UWBM Ornithology Collection
The ornithological collections at the Burke Museum are relatively modern, with more than 85% of the collection built in the past 20 years. These bird specimens are used for teaching, research, and art. We are particularly known for our special collections such as spread wings (the largest such collection in the world) and bird tissues (probably the world's second largest collection).
The data in this occurrence resource has been published as a Darwin Core Archive (DwC-A), which is a standardized format for sharing biodiversity data as a set of one or more data tables. The core data table contains 106,879 records.
This IPT archives the data and thus serves as the data repository. The data and resource metadata are available for download in the downloads section. The versions table lists other versions of the resource that have been made publicly available and allows tracking changes made to the resource over time.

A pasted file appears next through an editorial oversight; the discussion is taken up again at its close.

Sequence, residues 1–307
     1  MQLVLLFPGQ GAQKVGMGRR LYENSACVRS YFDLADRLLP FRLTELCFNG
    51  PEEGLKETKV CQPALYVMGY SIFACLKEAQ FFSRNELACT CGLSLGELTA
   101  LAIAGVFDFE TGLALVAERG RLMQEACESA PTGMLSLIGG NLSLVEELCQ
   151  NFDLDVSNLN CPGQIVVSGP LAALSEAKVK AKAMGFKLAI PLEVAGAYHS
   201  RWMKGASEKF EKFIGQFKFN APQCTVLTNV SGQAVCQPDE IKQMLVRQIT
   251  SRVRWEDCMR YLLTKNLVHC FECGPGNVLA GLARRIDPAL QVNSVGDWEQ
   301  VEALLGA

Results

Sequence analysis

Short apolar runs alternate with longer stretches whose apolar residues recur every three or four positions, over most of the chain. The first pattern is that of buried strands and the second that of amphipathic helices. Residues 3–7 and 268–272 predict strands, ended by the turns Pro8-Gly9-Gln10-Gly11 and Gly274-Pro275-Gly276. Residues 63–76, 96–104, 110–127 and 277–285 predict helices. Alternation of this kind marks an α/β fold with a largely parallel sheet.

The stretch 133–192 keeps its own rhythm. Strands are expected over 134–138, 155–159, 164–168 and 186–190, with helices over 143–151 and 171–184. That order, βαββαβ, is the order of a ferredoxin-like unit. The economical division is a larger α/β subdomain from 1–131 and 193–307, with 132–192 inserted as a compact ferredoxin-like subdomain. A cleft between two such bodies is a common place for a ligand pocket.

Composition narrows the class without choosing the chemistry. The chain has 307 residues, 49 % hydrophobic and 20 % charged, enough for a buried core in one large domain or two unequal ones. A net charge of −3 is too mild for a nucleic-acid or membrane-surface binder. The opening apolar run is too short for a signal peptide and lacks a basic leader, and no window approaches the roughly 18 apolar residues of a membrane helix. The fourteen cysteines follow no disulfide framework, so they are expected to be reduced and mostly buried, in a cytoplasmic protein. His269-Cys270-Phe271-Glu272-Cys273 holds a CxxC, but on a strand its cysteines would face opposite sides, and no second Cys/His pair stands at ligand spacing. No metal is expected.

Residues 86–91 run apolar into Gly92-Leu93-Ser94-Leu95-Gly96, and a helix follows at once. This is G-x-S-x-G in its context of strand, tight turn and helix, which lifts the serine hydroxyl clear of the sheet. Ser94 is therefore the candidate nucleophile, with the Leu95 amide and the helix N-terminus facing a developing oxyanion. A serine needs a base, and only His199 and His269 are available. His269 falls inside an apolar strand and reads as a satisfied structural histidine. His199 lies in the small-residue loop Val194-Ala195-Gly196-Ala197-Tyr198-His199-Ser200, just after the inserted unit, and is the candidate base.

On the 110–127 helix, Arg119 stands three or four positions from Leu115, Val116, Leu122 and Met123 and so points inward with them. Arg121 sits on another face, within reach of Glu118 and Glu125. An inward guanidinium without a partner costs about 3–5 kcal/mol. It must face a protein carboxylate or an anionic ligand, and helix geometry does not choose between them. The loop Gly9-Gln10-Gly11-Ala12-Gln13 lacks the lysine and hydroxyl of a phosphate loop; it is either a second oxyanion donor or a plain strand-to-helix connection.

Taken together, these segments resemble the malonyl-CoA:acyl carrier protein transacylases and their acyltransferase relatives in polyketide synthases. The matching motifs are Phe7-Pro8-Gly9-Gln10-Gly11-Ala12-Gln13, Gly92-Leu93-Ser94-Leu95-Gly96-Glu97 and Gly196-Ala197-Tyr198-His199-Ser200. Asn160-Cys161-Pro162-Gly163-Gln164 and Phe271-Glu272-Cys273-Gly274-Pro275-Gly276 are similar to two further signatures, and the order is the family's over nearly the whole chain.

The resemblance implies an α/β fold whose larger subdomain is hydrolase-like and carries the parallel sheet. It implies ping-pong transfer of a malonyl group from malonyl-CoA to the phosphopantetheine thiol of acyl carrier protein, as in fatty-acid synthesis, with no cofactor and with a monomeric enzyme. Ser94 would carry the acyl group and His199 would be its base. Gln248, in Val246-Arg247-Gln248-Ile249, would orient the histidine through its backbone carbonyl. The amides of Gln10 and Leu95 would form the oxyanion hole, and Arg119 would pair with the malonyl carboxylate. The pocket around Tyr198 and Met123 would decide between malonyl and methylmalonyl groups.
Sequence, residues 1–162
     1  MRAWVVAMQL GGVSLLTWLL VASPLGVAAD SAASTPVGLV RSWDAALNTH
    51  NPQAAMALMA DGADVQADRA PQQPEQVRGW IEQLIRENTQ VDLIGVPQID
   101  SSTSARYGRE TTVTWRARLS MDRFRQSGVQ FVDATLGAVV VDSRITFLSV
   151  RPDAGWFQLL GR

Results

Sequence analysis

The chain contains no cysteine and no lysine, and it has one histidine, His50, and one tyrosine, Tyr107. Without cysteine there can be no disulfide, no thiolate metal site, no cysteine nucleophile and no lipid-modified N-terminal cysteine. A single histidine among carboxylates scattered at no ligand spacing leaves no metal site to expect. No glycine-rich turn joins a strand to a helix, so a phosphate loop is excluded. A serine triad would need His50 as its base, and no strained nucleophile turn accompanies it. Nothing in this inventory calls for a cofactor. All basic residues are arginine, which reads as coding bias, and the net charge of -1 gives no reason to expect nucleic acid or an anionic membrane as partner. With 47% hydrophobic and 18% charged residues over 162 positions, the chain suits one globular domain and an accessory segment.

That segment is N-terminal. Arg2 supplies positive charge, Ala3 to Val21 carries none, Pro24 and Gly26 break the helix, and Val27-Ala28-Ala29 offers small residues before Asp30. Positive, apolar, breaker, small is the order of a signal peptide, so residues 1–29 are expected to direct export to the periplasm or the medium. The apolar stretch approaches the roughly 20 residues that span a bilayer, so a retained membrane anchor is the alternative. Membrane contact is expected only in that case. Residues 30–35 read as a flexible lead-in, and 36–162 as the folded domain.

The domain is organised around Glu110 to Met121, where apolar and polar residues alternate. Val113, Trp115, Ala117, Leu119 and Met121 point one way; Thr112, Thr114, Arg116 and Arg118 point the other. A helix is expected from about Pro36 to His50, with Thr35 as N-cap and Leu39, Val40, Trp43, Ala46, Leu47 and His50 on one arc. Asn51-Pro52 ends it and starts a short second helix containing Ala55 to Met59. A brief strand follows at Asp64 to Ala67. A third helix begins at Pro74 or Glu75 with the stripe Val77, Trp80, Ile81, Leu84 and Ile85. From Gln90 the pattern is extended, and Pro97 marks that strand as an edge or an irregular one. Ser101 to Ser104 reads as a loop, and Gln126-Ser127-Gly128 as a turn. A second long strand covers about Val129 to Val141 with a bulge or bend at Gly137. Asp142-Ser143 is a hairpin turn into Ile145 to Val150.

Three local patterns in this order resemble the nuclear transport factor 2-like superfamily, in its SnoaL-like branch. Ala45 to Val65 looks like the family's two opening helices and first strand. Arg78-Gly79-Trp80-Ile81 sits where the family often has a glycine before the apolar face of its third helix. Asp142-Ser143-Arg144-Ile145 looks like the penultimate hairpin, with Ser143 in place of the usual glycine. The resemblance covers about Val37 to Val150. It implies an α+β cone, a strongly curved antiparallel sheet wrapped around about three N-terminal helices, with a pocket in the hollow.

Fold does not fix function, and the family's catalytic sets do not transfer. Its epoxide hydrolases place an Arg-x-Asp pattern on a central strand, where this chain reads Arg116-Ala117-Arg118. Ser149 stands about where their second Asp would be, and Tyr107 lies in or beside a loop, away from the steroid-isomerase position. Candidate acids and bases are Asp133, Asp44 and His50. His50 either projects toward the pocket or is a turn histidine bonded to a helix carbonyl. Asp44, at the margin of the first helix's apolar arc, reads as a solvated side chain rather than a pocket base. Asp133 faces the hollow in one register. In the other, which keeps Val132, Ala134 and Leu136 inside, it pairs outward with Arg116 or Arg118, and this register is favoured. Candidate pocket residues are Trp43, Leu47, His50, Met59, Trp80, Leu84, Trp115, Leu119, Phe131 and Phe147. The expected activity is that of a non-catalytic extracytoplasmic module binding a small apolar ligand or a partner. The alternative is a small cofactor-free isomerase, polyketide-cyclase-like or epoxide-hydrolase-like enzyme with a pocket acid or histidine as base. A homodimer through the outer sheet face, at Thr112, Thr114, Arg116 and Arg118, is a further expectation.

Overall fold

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Researchers should cite this work as follows:
University of Washington Burke Museum Ornithology Collection
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The publisher and rights holder of this work is University of Washington Burke Museum. To the extent possible under law, the publisher has waived all rights to these data and has dedicated them to the Public Domain (CC0 1.0). Users may copy, modify, distribute and use the work, including for commercial purposes, without restriction.
Occurrence; Specimen; Occurrence
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We maintain a comprehensive collection of birds from the Pacific Northwest, North America, and many other parts of the world including unsurpassed modern collections from many localities throughout the former Soviet Union and Mongolia, samples from transects crossing major Australian biogeographic divides, and major new bird collections from the Solomon Islands.
|Bounding Coordinates||South West [-90, -180], North East [90, 180]|
Specific research projects began driving Ornithology collecting programs by the mid-1980s. These special research collections now include: an extensive series of hybrid warblers, a large series of North Pacific seabirds, a series of most of the pipits of the world, a superb series of most of the grouse of the world, and late-summer samples of various western North American birds that depend on the Mexican Monsoon for their fall molt.